The new, 3rd gen Toyota Corolla was introduced in 1975, and affirmed Toyota's reputation for amazing build quality and good economy. It needed to, as it had many strong competitors at that time, both from Japanese manufacturers and domestic makers (though their compacts were hardly competitive.). Despite a higher price and fewer features than the competition, it was still a popular car during the gas shortages. It appears the only option on this base-model sedan is the automatic transmission.
Friday, January 30, 2015
Sunday, January 25, 2015
The Jeep CJ-8 was introduced for 1981, and was another addition to the Jeep lineup. Basically a standard CJ-7 with a pickup bed, the Scramblers also had a longer wheelbase. Like other Jeeps of the same period, Scramblers were available in all kinds of cool stripe kits, though this one has a more subtle scheme. Scramblers are some of my favorite Jeeps today, and, because of their rarity, it's always nice to see one.
Thursday, January 22, 2015
The fourth generation Impala was introduced for 1965, and continued to become more and more popular, setting a sales record in the process. In addition to the array of V8s and generous interior space, the Impala also featured handsome styling; the coupes, especially, are now regarded as true design classics. This heavily patina-ed sedan looks menacing with the black steelies and creeping moss.
Monday, January 19, 2015
The B210 replaced the B110 in the mid-70s, and, despite the weird styling, managed to be quite popular throughout its life. The B210 was the right car at the right time--it was introduced during the gas crisis, and the period when the Japanese companies were seeing huge success. The B210 was available as a hatchback or notchback sedans, though both were strange looking, especially the front and rear. This 70s-brown hatch is in pretty nice shape, though it does have some non-original hubcaps installed.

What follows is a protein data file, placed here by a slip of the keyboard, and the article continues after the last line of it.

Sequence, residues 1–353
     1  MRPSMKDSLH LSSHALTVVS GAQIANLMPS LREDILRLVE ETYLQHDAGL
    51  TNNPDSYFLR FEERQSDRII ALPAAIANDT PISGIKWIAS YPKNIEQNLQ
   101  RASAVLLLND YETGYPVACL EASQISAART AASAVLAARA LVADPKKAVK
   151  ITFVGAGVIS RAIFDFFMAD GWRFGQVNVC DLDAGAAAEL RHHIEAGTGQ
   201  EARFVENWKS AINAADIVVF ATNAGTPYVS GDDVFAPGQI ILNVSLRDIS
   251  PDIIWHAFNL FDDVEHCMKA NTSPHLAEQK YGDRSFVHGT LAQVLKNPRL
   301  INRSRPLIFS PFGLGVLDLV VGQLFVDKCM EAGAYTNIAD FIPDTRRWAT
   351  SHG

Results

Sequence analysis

Thursday, January 15, 2015
Here's an incredibly rare car: the US Grand Prix Edition Celica was only available in 1980, and just 500 were made in each color (available in red, white or blue). The package featured the stripes, an egg crate grill, and a couple other small modifications. Otherwise, it was identical to a highly-optioned 2nd-gen Celica GT Liftback. Most USGP cars that survive were squirreled away when new as collector's cars, so it's interesting to see such a rare car in beater, daily-driver condition.
Monday, January 12, 2015
Ever since its first use on a huge, 4x4 military truck, the Power Wagon name has been synonymous with big, tough, trucks. Just look at this massive thing. Huge ground clearance, big winch bumpers, and loads of utilitarian, function-over-form features. The Town Wagon, a passenger version of the Town Panel, first appeared in 1954, and would continue in its same basic form until 1966. This '64 is in nice shape, with just the right amount of patina.
Saturday, January 10, 2015
The Grand Prix appeared during Pontiac's wide track era, and was affixed to some of the best looking cars of the sixties. The Grand Prix was always something special; even into the third generation, the single round headlights gave it a unique, sporting flair. Unfortunately, the styling began to decline sharply, and by 1977, it was nowhere near as individual, and instead featured a ubiquitous four-light front on an interesting, but ultimately flabby body.